Director: Benj Binks
“Hip-hop originated in Mongolia.”
Once this surprising message is articulated by a traditional musician in the opening moments of Mongolian Bling, the tone is set, and the subject of the documentary promises to be unique.
In most Western cultures, rap is said to be the most popular of all genres in terms of music sales. Commonly associated with disenchanted youth, its key purpose and roles are well detailed as director Benj Binks skilfully explores the birth and rise of hip-hop in Mongolia in the 1990s – a time when the country is rid of Communist rule and in the process of becoming independent, democratic, and little by little, Westernized.
Rap has always put forward and valued words, and through interviews with symbolic senior personalities, the importance of words is also shown to be a part of Mongolia’s heritage, linking the modern-day genre to the region’s oral culture. By describing the tradition of long songs, throat singing and song fighting games, we understand that this form of art – using words and poetry to express ideas, thoughts, opinions and stories – is an essential art form in the country.
Telling everyday stories, expressing ideas, opinions, injustices, anger – these are the main themes of the songs created by the artists we meet. These artists – girls and boys from different backgrounds – are touching, at times amusing and always genuine. Rappers Gennie, Quiza and Gee are portrayed as products of their ancestry and traditions, even though they evolve in a modern world. This is the expected promise of the uniqueness of Mongolian hip hop reflected in the film’s first images.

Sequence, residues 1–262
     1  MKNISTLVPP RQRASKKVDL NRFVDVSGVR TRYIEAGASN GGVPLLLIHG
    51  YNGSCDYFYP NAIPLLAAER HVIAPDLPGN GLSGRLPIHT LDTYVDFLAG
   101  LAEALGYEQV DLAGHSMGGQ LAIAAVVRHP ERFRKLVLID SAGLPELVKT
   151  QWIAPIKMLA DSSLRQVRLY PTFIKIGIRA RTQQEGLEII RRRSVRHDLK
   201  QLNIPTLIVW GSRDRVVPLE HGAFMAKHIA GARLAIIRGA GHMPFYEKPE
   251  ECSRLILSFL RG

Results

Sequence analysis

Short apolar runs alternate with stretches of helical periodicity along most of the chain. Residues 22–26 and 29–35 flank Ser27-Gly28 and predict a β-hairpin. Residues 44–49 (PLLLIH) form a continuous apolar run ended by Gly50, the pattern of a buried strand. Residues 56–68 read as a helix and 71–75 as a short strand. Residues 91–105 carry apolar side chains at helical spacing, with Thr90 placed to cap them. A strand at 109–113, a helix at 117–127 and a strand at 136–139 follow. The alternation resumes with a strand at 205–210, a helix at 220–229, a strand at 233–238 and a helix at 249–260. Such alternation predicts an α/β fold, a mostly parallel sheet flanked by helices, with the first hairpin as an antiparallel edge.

Binks captures the importance of hip-hop and rap as the means of channelling a love of country as well as the desire for a better and just society. It is remarkable to witness how the genres’ themes are the same worldwide: violence, anger, alcoholism, corruption in politics etc. It is, however, regretful that not all songs in the feature are translated, especially those of the teenagers who perform in the desolate streets of the poor Ger district. Inspired by their more experienced elders, their faces convey powerful emotions, but their words are missing. What triggered this choice for “censorship”?
The director incontestably loves his country and successfully displays its many facets: the history, the traditions, the nomads in the steppes, the Shamans (victims of ostracism), the urbanization, the poverty (the one family seen living in a dumpster). We are left amused, reverent, shocked and surprised, though with only thin connections made with the Mongolian hip-hop scene, these seem like important subjects for a different documentary.
Mongolian Bling is a film that clearly has plenty to express, unfolding like Binks’ own personal hip-hop song. And while this one track communicates on too many themes and stories at once, the notion of oral literature as a crucial art form in traditional and modern Mongolia is effectively encapsulated and held up as a source of great pride for the nation.
Watch Mongolian Bling on FilmDoo